Saturday night’s space-themed Prom with Edward Gardner and the National Youth Orchestra required only the presence of the ubiquitous Professor Brian Cox to add icing to its cake, and it is surprising that his voice was not used in the recorded speech soundtrack to Iris ter Schiphorst’s commissioned work ‘Gravitational Waves,’ which must have been hugely enjoyable to perform, as it required the orchestra to sway, to shout, and to don carnival masks. Musically, it was the love-child of Murray Gold and György Ligeti: a filmic eight-minute exposition of orchestral timbres – amplified scratched gongs, breathed-into brass instruments, overlapping woodwind glissandi, massive Dr Phibes organ chords, and even a comic Zebedee spring effect – all of which the orchestra took in its stride, giving the piece an assured first performance.
One of the delights of NYO performances is that, because the players are not salaried, the orchestra can field as many as will fit on the stage, and nine trumpets punching out the opening arpeggio of surely the most famous 21 bars of space-associated music (the beginning of Richard Strauss’s Also Sprach Zarathustra) was an electrifying moment. The rich passage for low strings continued the delight with a more mellow ambience, followed by the perfect entry of the very Straussian horns. The dynamic throughout was well controlled, and the occasional violin duets were as late-romantic as they needed to be. The performance was quite a brisk one, and it would have perhaps made for more enjoyment if some of the steamier passages had been lingered over a little more, but this is a minor quibble. The ‘science fugue’ was properly rigid, but Strauss’s sumptuous ‘dance song’ waltz took a little while to find its feet. Overall, though, it was a good performance that a professional orchestra would have been proud to turn in.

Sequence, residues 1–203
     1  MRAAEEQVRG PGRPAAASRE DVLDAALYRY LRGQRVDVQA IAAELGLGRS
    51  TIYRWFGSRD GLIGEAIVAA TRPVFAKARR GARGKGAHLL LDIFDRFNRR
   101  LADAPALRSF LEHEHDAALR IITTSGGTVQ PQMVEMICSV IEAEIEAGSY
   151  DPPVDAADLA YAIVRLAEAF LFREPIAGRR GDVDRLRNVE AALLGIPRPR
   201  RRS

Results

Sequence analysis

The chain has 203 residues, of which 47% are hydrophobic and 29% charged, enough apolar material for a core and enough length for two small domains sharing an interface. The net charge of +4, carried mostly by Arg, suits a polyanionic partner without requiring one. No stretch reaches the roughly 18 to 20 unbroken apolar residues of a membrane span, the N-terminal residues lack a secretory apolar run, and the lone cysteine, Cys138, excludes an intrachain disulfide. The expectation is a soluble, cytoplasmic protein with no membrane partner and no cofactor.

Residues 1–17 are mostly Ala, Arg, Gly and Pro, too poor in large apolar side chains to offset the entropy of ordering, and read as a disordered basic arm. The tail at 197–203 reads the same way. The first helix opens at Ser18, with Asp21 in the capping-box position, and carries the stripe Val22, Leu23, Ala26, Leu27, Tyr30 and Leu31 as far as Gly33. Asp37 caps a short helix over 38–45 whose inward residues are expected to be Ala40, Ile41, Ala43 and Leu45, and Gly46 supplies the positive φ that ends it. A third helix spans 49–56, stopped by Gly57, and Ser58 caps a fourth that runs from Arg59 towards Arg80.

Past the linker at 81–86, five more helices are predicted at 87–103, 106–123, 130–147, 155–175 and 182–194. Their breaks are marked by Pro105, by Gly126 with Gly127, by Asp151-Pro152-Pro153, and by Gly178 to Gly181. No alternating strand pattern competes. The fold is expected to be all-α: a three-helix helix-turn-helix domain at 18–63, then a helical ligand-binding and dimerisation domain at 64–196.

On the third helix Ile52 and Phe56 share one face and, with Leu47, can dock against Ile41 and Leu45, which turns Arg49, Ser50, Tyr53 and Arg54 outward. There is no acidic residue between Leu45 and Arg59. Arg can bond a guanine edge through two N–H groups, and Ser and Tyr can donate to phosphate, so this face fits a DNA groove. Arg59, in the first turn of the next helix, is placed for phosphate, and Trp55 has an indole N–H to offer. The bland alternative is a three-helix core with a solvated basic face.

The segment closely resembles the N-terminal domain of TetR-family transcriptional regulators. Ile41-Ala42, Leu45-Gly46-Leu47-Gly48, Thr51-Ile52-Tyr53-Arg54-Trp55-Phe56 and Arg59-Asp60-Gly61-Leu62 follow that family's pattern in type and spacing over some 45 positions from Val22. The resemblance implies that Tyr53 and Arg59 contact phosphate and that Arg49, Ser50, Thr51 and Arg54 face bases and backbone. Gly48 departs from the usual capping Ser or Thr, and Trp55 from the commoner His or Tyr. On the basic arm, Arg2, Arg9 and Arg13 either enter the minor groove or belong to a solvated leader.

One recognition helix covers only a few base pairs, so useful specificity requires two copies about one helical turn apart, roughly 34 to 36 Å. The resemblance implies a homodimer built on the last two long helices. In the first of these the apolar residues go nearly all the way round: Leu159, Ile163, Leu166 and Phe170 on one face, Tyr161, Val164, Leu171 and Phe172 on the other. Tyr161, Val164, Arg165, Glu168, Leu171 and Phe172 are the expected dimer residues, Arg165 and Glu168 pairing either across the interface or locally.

There was no let-up in the intensity after the interval, as the orchestra embarked on the inexorable five-four-time representation of modern warfare, ‘Mars,’ the opening of Holst’s The Planets. Although the massive brass section and full organ certainly pinned the audience to their seats, the moments of quiet menace were also well observed. Indeed, Gardner and the orchestra pulled off extremely well Holst’s brilliantly varied and descriptive scoring of the entire suite. The cool, almost sylvan, charm of the in-reality-arid ‘Venus’ was adroitly portrayed through the well-controlled strings and woodwind, and the quixotic three-against-two that characterizes the opening of ‘Mercury’ skipped cheerfully along. The tempo of ‘Jupiter’ was again perhaps a little lively for some (and it caused a tiny hiatus in the timpani at one point), but the main theme broadened out magnificently. The most stunning performance of the evening was for ‘Saturn’ – the implacable ticking of the clock of life in the harps and flutes was truly chilling, and the brass funeral dirge over the warm pizzicato of the low strings was a magical moment. ‘Uranus’ was busily accomplished (with an impressive shout from full organ), but the quietly rarefied timbres of ‘Neptune’ seemed to flummox the orchestra slightly, and there were some pitching problems, although the off-stage choir (the women of the CBSO Youth Chorus) from the gallery, finished the piece perfectly.
Colin Matthews’ 2000 addition to the suite – ‘Pluto, the Renewer’ – is an ethereal jumble of sounds: plenty of rumbling basses and tinkling glockenspiels that picks up where Neptune left off. The orchestration echoes that of Holst, but somehow a clear theme of its own never quite emerges, and the sense is more of replication than renewal. The performance was excellent, but it still felt like more of an add-on than a true completion.